The village shoreline will get a much-needed boost of sand as part of a beach renourishment project that starts next week.
BY RODOLFO R. ROMAN
Special to The Miami Herald
Bal Harbour’s beach renourishment project is about to get under way.
The project, which could last about three months, will start after Memorial Day.
Approximately 30,000 cubic yards of sand will be placed at the northern end of Bal Harbour, according to Brian Flynn, a representative for the county’s Department of Environmental Resource Management.
Buffering the beach is essential because natural erosion, along with several active hurricane seasons, has shrunk Bal Harbour’s beach to small dunes, leaving residents and tourists with little space to enjoy the ocean.
Mayor Jean Rosenfield said she is glad the project is moving forward.
”The council is excited we were able to able to help the residents at the north end of Bal Harbor beach who desperately need their beach,” Rosenfield said in a phone interview.
The sand will be trucked in from Orlando to add height and width to beaches in Bal Harbour, Sunny Isles Beach and Miami Beach. State and county funds will be used for the truck-haul renourishment project, which could cost about $10 million. Marina Blanco-Pape, DERM’s chief of Water Management Division, says trucks will be driving through Bal Harbour, but streets will not be closed.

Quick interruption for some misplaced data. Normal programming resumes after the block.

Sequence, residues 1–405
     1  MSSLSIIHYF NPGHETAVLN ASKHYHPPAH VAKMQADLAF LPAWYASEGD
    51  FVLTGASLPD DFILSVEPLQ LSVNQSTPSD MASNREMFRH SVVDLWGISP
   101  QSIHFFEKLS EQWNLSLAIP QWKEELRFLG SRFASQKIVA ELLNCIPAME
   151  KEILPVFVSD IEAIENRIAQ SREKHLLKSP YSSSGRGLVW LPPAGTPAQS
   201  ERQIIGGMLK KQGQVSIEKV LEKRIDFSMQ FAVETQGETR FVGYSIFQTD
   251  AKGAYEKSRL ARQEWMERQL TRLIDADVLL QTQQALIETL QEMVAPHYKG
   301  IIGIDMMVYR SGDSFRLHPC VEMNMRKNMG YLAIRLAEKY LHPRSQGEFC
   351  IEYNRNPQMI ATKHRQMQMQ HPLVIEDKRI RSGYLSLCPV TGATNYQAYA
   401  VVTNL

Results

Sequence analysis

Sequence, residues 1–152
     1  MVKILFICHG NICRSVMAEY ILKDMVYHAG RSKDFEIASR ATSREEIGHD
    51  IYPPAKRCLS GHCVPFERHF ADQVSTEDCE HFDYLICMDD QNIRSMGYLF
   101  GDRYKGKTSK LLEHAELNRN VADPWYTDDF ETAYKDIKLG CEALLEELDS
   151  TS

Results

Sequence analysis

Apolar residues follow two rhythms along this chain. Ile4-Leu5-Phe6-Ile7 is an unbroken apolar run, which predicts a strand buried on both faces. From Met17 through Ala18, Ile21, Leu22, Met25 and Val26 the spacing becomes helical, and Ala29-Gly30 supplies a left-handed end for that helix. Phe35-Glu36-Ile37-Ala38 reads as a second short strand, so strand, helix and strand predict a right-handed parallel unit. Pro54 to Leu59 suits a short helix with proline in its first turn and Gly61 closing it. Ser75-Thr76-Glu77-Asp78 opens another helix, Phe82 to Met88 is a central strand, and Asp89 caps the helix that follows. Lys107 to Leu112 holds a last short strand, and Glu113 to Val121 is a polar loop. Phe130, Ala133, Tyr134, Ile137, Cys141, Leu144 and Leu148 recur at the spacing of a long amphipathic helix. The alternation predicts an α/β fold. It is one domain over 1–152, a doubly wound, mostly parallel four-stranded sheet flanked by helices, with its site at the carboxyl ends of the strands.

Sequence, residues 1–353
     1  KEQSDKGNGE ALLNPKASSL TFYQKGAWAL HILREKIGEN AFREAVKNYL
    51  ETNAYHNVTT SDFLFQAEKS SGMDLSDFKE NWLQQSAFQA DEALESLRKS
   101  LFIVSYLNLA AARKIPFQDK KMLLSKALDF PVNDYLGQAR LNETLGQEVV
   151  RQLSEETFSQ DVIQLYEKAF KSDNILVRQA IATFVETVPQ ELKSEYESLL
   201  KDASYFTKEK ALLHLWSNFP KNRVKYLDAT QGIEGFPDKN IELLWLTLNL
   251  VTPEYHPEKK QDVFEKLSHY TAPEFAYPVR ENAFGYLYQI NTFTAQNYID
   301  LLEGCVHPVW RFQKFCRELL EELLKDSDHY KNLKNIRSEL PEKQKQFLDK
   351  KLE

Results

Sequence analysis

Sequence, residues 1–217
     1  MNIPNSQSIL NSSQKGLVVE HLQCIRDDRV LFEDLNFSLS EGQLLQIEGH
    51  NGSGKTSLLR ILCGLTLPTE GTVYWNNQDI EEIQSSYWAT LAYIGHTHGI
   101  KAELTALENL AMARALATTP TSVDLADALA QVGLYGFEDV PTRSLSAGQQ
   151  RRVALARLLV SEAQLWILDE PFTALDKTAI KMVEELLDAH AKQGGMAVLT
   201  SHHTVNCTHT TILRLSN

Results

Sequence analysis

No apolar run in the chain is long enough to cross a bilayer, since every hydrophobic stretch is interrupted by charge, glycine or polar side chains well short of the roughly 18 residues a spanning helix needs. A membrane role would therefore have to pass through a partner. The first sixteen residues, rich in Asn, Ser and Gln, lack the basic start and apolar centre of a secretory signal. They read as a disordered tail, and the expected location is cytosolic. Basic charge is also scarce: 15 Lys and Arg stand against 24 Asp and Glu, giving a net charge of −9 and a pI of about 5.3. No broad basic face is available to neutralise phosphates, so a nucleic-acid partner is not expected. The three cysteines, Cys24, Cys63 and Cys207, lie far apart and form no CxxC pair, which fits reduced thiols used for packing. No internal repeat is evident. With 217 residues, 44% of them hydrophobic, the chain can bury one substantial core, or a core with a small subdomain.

”Two articulated trucks are planned for the beach,” Blanco-Pape wrote in an e-mail. “Approximately 10 trucks are anticipated to be needed to bring the sand in through the access area in 96th Street.”
Workers with flags will be directing the trucks and maintaining clear areas around the work place. Bal Harbour police will also be helping out to ensure safety.
Two contractors hired by the county will be working on the project Mondays through Thursdays during daylight hours.
Despite the project, beachgoers should still be able to enjoy the beach.
”The beach will remain open during the project, except for the actual area where the machines are working each day, which will be roped off,” said Alfred Treppeda, village manager.
Treppeda also said building managers near the beach have been asked to move their beach chairs off the sand during the project, so the path is clear.
The issue has also caught the eye of Congress: U.S. Rep. Ileana Ros-Lehtinen recently took a tour of the beach, meeting with residents and pledging to fight for funds allocated to the Army Corps of Engineers for beach renourishment, which could be used for future projects.
This project will ”serve as a Band-Aid” until a more aggressive beach renourishment project scheduled to begin in 2011, Flynn said.